As punishment for subsidising aviation company Boeing, the European Union (EU) are imposing tariffs on certain products from the United States of America (USA), including ornamental fish.
The feud has been rolling since 2006, when the USA filed a case with the World Trade Organisation (WTO) claiming unfair financial support of the European aviation brand, Airbus. Airbus, collectively owned by Germany, France, Spain and Britain’s BAE systems (a defence, security and aerospace company), was said to receive over £16 billion in illegal subsidies.
The EU’s retaliation was to lodge a counter case, alleging illegal financial support of the American aviation giant, Boeing, by the USA – to the tone of £17.3 billion.
In 2018, a two-year-old ruling was upheld by the WTO’s appeal body after EU subsidised loans for aircraft development by Airbus, was found to result in illegal assistance.
Through the years, the WTO has declared that both sides have unfairly subsidised their aviation brands.
In October 2019 the USA was allowed (by the WTO) to impose tariffs on produce from Europe, up to £5.64 billion ($7.5 billion).
Just 12 months later the WTO has allowed tariffs to be placed on produce from the USA, bound for Europe. Tariffs worth just over £3 billion.
With the USA withdrawing preferential tax rate for aerospace and aviation manufacturing, and the EU modifying repayment clauses, both sides now comply with WTO rulings. Both sides point the blame at the other. The Tariffs hurt both sides, especially now – with the additional financial pressures of a worldwide pandemic. Talks to resolve the dispute currently look unlikely as both sides blame the other of showing no interest in resolution.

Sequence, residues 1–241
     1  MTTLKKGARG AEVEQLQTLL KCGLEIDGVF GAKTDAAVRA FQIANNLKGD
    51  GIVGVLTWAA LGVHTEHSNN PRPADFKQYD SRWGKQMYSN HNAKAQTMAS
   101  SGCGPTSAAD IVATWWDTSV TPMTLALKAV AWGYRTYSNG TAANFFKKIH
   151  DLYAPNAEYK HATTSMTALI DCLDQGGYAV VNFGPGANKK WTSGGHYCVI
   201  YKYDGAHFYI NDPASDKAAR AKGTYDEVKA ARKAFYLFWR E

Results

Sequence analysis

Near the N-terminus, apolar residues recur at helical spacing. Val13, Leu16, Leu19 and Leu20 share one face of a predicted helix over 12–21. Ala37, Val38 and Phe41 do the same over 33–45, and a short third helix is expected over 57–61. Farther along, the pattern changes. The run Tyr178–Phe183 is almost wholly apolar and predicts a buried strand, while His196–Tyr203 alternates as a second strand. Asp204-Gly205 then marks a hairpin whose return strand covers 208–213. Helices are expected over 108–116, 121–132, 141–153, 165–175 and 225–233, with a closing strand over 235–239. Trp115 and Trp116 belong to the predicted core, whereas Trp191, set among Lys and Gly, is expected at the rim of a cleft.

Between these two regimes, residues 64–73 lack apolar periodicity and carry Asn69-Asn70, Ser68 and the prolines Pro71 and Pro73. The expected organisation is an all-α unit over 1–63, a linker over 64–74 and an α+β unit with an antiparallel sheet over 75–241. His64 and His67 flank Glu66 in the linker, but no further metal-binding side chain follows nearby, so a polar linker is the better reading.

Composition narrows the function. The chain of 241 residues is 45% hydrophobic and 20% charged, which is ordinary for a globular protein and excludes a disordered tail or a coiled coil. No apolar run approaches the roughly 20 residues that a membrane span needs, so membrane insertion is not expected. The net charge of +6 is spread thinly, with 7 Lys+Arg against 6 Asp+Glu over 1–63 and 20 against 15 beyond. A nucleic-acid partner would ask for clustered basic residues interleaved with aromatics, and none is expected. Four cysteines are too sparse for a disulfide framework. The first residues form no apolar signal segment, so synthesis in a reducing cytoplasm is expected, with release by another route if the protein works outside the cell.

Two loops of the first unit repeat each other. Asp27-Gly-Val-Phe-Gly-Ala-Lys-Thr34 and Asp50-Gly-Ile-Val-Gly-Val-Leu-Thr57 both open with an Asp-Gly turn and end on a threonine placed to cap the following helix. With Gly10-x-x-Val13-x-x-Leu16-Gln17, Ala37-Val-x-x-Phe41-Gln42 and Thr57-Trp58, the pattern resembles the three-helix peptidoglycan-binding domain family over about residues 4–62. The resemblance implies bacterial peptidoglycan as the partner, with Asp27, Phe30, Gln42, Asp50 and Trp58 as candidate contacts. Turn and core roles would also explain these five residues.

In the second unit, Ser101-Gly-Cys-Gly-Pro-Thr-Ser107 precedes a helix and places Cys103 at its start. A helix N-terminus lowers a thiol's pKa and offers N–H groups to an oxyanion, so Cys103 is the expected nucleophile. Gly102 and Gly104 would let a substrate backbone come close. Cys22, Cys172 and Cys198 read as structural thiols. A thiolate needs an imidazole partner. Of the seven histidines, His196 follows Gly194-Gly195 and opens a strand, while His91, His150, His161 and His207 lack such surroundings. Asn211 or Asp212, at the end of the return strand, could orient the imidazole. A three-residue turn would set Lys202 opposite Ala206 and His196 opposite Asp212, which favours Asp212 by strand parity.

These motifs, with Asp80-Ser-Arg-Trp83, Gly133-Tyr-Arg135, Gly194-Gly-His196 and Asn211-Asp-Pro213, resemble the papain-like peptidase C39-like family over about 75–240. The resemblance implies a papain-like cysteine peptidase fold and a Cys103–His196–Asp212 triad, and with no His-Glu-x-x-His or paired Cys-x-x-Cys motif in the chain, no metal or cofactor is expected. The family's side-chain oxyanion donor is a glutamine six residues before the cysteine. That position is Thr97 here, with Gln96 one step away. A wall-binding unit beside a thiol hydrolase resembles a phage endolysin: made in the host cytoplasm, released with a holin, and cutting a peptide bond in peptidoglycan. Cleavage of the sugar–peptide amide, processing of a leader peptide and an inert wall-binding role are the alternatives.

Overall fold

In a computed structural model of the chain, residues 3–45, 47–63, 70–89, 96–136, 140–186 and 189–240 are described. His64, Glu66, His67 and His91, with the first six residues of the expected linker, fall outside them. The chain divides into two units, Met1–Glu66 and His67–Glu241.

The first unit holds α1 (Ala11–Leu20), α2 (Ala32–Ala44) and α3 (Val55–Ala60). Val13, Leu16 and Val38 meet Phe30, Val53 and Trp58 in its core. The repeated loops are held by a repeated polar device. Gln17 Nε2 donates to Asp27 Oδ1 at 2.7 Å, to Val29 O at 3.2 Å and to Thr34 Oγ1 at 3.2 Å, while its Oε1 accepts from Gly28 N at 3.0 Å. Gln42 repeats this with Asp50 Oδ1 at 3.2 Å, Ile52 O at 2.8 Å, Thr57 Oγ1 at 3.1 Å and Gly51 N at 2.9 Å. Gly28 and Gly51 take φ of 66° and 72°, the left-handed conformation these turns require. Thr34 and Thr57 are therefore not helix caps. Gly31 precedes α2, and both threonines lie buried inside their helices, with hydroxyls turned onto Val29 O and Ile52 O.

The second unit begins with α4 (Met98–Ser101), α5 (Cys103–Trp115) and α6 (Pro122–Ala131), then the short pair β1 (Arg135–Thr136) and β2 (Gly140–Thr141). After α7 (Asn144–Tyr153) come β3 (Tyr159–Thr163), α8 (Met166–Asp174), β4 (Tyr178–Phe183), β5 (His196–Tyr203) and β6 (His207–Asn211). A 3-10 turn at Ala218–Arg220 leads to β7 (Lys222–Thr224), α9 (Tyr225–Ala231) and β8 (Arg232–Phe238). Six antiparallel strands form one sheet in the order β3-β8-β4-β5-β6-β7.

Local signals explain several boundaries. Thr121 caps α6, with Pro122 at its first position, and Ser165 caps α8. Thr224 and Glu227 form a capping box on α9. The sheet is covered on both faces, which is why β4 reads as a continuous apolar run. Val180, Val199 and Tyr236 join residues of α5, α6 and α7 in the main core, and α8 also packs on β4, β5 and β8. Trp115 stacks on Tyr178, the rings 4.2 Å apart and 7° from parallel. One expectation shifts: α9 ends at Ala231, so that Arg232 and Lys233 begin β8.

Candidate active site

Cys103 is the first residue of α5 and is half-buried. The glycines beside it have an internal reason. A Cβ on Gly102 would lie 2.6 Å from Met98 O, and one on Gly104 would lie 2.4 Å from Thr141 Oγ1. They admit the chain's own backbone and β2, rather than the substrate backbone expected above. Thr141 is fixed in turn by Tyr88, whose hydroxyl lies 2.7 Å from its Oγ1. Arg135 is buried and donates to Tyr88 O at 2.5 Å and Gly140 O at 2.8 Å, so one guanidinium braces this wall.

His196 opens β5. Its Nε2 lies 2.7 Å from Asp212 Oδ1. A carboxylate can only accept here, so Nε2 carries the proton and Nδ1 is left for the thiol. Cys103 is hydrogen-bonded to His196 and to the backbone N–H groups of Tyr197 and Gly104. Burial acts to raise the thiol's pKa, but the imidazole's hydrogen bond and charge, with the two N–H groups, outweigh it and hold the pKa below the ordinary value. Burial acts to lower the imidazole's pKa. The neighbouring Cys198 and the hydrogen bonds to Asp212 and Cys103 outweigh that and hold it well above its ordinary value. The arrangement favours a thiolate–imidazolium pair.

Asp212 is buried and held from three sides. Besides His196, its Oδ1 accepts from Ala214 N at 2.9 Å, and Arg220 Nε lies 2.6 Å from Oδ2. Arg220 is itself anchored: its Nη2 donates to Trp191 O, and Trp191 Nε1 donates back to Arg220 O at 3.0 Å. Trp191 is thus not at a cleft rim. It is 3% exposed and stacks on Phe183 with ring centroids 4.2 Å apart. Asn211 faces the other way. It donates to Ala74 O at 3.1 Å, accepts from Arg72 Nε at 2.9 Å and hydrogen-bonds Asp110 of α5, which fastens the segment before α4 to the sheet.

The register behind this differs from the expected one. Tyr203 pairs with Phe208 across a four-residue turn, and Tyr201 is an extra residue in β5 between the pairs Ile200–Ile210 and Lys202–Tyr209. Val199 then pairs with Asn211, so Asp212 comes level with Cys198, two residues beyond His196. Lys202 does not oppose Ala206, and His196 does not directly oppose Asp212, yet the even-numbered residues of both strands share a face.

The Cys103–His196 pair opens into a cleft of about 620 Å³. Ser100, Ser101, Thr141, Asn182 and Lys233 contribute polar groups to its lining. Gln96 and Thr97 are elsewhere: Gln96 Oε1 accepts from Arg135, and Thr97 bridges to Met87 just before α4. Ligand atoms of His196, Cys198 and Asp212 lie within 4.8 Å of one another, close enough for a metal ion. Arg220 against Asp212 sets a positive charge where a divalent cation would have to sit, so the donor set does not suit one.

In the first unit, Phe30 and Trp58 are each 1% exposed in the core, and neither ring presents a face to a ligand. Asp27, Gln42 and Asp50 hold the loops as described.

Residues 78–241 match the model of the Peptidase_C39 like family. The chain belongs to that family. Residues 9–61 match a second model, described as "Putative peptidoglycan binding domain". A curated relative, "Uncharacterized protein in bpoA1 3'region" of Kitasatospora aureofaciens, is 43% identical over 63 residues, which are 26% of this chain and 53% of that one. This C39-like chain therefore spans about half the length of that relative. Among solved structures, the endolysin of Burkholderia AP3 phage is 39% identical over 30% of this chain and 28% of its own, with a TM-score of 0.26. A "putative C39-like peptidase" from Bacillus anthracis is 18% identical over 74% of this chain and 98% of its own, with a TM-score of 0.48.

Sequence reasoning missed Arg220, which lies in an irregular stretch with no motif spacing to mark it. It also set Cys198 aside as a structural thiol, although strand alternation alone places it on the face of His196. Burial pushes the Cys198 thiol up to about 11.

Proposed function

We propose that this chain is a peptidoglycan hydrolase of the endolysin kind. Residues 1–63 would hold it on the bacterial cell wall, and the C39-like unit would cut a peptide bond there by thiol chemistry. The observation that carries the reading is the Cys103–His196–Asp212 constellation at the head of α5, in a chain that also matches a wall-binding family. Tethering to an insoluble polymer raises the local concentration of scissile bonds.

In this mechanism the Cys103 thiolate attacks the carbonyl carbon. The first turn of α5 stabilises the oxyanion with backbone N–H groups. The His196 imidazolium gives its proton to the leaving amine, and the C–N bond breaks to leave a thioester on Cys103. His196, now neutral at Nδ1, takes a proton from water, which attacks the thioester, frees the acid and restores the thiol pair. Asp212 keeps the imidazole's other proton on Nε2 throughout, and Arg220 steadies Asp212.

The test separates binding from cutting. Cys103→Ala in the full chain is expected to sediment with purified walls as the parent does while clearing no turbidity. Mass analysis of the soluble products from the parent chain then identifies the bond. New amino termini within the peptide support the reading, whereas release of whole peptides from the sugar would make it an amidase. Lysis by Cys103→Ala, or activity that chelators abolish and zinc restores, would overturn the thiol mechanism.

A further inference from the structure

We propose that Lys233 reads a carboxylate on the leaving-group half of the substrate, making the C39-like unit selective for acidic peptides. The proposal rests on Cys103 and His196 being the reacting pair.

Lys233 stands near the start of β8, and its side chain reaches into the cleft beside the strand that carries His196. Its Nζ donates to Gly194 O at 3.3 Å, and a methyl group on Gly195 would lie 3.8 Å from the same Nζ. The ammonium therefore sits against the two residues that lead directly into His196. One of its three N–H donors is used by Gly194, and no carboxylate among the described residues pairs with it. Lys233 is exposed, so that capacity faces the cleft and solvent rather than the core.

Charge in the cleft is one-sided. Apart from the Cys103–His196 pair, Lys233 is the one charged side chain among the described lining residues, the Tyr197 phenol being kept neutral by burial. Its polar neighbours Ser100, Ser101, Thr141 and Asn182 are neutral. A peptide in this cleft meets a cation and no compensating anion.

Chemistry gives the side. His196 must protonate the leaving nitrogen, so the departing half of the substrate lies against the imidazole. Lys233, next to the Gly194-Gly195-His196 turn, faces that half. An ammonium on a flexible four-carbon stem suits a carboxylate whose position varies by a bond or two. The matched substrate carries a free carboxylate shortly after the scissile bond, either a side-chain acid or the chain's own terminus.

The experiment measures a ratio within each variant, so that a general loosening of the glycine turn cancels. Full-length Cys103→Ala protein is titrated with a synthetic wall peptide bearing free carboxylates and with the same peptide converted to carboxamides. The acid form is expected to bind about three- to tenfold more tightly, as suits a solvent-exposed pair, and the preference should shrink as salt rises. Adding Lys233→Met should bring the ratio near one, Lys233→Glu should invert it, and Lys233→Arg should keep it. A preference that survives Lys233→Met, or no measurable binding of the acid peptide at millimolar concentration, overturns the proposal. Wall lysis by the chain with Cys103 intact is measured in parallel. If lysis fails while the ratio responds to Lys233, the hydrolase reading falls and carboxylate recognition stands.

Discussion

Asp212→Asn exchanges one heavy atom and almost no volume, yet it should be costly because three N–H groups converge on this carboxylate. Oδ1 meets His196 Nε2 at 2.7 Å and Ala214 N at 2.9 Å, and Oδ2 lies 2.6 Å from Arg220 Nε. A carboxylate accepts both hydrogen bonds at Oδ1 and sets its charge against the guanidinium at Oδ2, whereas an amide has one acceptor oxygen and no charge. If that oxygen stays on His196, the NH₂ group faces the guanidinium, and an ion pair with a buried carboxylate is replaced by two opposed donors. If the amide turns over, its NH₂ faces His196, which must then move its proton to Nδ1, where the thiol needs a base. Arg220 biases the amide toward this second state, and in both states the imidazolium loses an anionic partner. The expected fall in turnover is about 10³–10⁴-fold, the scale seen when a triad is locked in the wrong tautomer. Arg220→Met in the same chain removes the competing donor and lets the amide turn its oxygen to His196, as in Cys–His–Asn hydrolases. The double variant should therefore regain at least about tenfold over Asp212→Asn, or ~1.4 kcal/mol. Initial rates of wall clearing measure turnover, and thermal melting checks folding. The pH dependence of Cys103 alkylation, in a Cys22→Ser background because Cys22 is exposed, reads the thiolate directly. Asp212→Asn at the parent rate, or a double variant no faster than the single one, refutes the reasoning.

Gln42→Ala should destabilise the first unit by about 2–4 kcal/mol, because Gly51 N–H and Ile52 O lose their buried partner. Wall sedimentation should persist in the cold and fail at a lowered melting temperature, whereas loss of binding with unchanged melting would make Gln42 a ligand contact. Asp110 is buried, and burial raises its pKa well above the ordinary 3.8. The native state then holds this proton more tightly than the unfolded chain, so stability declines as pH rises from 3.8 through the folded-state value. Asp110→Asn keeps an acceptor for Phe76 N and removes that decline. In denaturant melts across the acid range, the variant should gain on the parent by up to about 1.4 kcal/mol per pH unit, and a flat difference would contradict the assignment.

What does this mean for UK fishkeepers?
If you are buying tractors, orange juice, Atlantic salmon or ornamental fish coming from the USA, you’ll be paying more for the pleasure.
The new tariffs will see a rise in price for both freshwater and marine fish from the USA, of 25%. That’s 25% of the full value - which includes the shipping costs. And for marine fish, that’s 25% on top of the existing 7.5% tariff already in place, pushing it to 32.5%.
It does seem that ornamental fish have been grouped with food fish, but inverts are left out of the trade sanctions – leaving corals and other invertebrates out of the price hike.
These tariffs are doing neither side any favours, and there is fresh hope that the forthcoming change of presidency may help reset talks in this 16-year-old rift.
What does it mean once the UK depart from the EU?
We are unsure right now. With American imports commonly coming through areas of the EU to the UK, we may still endure these tariffs. However, the sanctions set upon the USA do not include connecting flights - products travelling through the USA to Europe.